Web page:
Stunned by the exposition, Khan and Salihamidzic began to scrutinize Lewandowski every game. The conclusion, after the double duel with Villarreal, was clear: Nagelsmann was right. In March, Bayern sought unsuccessfully to sign Haaland while offering Lewandowski a one-year renewal. Determined to leave, the Pole confessed to a friend at the club that his goal was not to earn more money. His wife, Anna, wanted to live in a southern country and Barça offered him 23 million euros gross for four seasons, below the 28 he won in Munich.
They tell Bayern that if they didn’t sell Lewandowski in June, it was because of an error in Barca’s strategy. The statements of the player at the end of the season, in May, saying he would no longer train with Bayern, was seen as intolerable blackmail. Uli Hoeness, the honorary chairman, felt that the idea that any act of rebellion would pay off against a weak club could not be transferred to the team. Hoeness also said among his directors that he was confident that Barca would end up paying what they demanded since Laporta was the real party, not Xavi Hernández. For days Bayern feigned disinterest and arrogance. He never responded to Barca’s first offer of 45 million plus five for goals and forced the striker to appear in Sabener Strasse in an act of contrition. Then it was Bayern themselves who unblocked the negotiation when a senior official spoke to Lewandowski last Monday, warning him that Barca would sign Raphinha for 70 million. If they really wanted to, he had to pressure his agent Pini Zahavi.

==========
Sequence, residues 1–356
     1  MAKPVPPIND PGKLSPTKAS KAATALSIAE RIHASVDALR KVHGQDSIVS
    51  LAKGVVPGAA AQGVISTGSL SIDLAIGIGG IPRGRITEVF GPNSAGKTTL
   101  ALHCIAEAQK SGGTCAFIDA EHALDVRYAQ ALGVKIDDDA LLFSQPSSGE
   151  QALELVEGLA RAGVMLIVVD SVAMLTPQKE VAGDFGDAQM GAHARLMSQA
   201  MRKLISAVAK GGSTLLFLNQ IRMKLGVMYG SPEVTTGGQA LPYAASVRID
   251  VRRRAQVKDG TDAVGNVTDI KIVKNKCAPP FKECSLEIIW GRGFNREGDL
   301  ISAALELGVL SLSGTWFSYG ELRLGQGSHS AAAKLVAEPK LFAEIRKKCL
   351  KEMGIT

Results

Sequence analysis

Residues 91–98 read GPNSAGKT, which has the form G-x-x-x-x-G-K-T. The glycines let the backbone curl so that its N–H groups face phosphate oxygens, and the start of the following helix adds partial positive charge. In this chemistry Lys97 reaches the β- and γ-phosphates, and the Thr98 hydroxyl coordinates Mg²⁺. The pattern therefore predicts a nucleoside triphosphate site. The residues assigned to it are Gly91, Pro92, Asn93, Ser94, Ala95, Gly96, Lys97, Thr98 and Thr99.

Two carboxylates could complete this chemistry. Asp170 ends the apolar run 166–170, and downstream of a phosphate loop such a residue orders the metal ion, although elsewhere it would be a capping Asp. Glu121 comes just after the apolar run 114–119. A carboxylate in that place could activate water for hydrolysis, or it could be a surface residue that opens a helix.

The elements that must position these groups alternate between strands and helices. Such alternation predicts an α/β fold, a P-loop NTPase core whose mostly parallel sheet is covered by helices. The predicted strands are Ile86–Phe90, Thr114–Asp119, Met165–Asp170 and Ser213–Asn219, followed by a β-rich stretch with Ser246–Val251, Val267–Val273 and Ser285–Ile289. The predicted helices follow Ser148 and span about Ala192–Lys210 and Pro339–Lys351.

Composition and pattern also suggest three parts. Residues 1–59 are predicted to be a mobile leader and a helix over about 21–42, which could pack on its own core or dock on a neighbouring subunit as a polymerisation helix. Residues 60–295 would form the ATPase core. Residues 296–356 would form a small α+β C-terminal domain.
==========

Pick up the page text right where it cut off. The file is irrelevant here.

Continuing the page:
Harry Kane, an idea taken from Xavi
Last Wednesday, when Barca made the signing of Raphihna official, Lewandowski told Zahavi to look for another club immediately. Zahavi spoke with Joan Laporta, Barca’s president, and a few hours later the frenzy started at Bayern’s offices, where they started receiving upside offers. Kahn and Hoeness weren’t surprised. The Germans always knew that Barca’s interest would eventually turn into a profitable business for Bayern as Joan Laporta, the chairman, had a relationship with Pini Zahavi which even turned corporate.
Nagelsmann assures among his collaborators that Xavi has a “colossal” task ahead of him. The German coach notes that his Catalan colleague will have serious difficulties adapting Lewandowski to Barcelona’s elaborate play in such a well-organized concert of defenses as the League. The signing, in his opinion, is not Xavi’s wish. About two months ago, a mutual friend admitted to him that the priorities of Xavi, one of the people responsible for Ibrahimovic’s departure from Barça in 2012, did not go through the signing of a new like Lewandowski but to bring Messi back, try to sign Gabriel Jesús, or even convince Harry Kane to leave Tottenham, if he failed to qualify for the Champions League, as eventually happened. This information enlightened Nagelsmann. For weeks, the coach has been trying to convince the Bayern bosses to try to sign Kane, according to him, the new more associative than there is. The most capable in the world of generating dangerous situations, for himself and for his companions. The opposite of Lewandowski.